The evaluation of our method is done on two different datasets from real recordings and also on simulated data. The experimental setup, used equipment and the characteristic of recorded data are described in Section 3. The advantages and abilities of the method are demonstrated in Section 4. Evaluations of the spike detection performance are done using data from simultaneous intra- and extracellular recordings made in slices of rat visual cortex, and show that the proposed algorithm is superior to conventional spike detection methods. The noise robustness and the ability to successfully resolve overlapping spikes is evaluated systematically on synthetic data. Finally, the method is applied to data from extracellular recordings made in the prefrontal cortex of awake behaving macaques. This data is particularly challenging, because the tetrodes are not implanted chronically, but inserted before every experiment anew, leading to tissue drifts. We conclude that our method adopts to non-stationarities and also successfully resolves overlapping spikes in real data. A summary and a discussion of further improvements is given in Section 5.

## 2 Methods

### 2.1 Glossary of mathematical notation

*i*is given by

*N*·

*T*

_{ f }by

*N*·

*T*

_{ f }Toeplitz matrix. Alternatively, it can be expressed as

Definitions of important quantities and their meaning

| Number of neurons |

| Number of recording channels ( |

| Period of time during which the templates are constant |

| Length of the filters and templates in samples on one channel |

| Measured signal on recording channel |

\(\bar{\boldsymbol{X}}\) | Data matrix, \(\left( \bar{\boldsymbol{X}} \right)_{k,t} = {x}_{k,t}\) |

\(\upsilon^{i}_{t}\) | Intrinsic signal of neuron |

\(\xi^{i}_{k,t}\) | Multichannel template (i.e. mean waveform) of neuron |

\({s}^{i}_{k,t}\) | \(:= \sum_{\tau} {\upsilon}^{i}_{t-\tau}\xi^{i}_{k,\tau}\), noiseless, extracellular signal of neuron |

\({f}^{i}_{k,t}\) | Filter (designed to detect template |

\(\boldsymbol{y}^{i}\) | \(:= \bar{\boldsymbol{X}} \star \boldsymbol{f}^{i} := \sum_{k,\tau} x_{k,t+\tau} f^{i}_{k,t}\), filter output of filter \(\boldsymbol{f}^{i}\) |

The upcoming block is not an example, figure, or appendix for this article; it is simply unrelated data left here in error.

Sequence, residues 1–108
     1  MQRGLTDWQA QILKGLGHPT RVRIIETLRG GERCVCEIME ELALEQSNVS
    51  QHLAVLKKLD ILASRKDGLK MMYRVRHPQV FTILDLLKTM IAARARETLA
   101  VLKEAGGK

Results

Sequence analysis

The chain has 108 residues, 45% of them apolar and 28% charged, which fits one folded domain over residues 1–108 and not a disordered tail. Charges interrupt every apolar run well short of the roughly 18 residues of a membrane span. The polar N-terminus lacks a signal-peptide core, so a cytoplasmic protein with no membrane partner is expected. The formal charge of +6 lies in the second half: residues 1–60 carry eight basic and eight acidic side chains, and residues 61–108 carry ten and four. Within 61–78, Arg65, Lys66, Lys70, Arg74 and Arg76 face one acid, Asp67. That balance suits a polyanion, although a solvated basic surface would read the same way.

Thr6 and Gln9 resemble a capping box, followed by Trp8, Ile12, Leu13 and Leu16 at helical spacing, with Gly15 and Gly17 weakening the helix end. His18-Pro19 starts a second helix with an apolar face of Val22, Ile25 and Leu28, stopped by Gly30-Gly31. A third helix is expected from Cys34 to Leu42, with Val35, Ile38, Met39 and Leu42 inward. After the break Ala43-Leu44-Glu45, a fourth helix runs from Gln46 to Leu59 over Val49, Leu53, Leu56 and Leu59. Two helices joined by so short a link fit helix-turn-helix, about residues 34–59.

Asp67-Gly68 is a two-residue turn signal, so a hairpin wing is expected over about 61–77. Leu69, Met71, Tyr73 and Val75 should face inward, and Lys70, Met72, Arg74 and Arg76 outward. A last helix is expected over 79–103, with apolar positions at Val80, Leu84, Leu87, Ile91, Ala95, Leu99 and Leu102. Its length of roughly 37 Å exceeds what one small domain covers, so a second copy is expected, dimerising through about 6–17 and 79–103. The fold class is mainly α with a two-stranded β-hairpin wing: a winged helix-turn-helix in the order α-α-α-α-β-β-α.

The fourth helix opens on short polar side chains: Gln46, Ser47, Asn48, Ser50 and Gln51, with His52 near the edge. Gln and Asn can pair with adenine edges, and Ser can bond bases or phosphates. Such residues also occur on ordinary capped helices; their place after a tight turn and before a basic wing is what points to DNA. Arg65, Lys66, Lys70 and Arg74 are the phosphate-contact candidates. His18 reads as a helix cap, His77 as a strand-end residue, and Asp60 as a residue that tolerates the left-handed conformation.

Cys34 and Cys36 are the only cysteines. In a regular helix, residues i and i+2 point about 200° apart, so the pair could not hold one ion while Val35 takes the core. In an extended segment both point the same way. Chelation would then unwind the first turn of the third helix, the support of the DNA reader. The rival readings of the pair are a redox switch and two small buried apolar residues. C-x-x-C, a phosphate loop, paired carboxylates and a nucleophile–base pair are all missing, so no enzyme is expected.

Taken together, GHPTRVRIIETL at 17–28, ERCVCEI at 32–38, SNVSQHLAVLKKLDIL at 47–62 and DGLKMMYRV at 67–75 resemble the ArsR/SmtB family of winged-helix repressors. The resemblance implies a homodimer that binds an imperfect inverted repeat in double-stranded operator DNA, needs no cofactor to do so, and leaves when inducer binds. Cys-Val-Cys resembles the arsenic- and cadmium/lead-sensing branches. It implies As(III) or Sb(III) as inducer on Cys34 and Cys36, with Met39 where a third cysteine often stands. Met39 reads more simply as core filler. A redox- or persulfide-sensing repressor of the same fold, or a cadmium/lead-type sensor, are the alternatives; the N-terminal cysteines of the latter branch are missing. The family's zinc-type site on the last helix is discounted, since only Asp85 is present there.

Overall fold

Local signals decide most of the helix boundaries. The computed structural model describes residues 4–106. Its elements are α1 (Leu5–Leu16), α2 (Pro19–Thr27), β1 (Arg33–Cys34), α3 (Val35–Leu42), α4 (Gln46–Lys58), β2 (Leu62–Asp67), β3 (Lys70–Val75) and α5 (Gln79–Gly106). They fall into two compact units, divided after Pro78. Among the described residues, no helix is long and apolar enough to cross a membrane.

\(\bar{\boldsymbol{Y}}\) | Matrix whose |

\(\boldsymbol{z}^{i}\) | Output of filter \(\boldsymbol{f}^{i}\) after Deconfusion |

\(\bar{\boldsymbol{Z}}\) | Matrix whose |

\(\boldsymbol{H}^{i}\) | Covariance matrix of \(\boldsymbol{s}^{i}\) |

| Multivariate zero mean Gaussian noise |

\(\boldsymbol{C}\) | Noise covariance matrix |

\(\boldsymbol{R}\) | Data covariance matrix |

### 2.2 Generative model

- 1.
Each neuron generates a unique spike waveform \({\boldsymbol \xi}^{i}\) (called template), which is constant over a time period of length

*T*. - 2.
All time series \(\boldsymbol{\upsilon}^{i}\) of spike times of neuron

*i*(called spike trains) are statistically independent of the noise \(\boldsymbol{\eta}\). Furthermore, these quantities sum up linearly. - 3.
The noise statistic is entirely captured by a covariance matrix \(\boldsymbol{C}\).

### 2.3 Calculation of linear filters

Spike sorting is achieved when the intrinsic spike trains \(\boldsymbol{\upsilon}^{i}\) are reconstructed from the measured data \(\bar{\boldsymbol{X}}\). Since, according to the model assumptions, the data were generated by a convolution of intrinsic spike trains with fixed waveforms, the most straightforward procedure would be to apply a deconvolution on \(\bar{\boldsymbol{X}}\) in order to retrieve \(\boldsymbol{\upsilon}^{i}\). For an exact deconvolution a filter with an infinite impulse response is necessary. In general, such a filter is not stable and would amplify noise (Robinson and Treitel 1980). Nevertheless, a noise robust approximation for an exact deconvolution can be achieved with finite impulse response filters, to which we will refer as linear filter.

Let us briefly summarize the idea of these filters: The goal is to construct a set of filters \(\left\{ \boldsymbol{f}^{1}, \dots , \boldsymbol{f}^{M}\right\}\) such that each filter \(\boldsymbol{f}^{i}\) has a well defined response of 1 to its matching template \(\boldsymbol{\xi}^{i}\) at shift 0 (i.e. \({{\boldsymbol{\xi}}^{i}}^{\top} \cdot \boldsymbol{f}^{i} = 1\)), but minimal response to the rest of the data. This means that the spikes of neuron *i* are the signal for filter \(\boldsymbol{f}^{i}\) to detect but will be treated as noise by filter \(\boldsymbol{f}^{j\neq i}\).

### 2.4 Filtering the data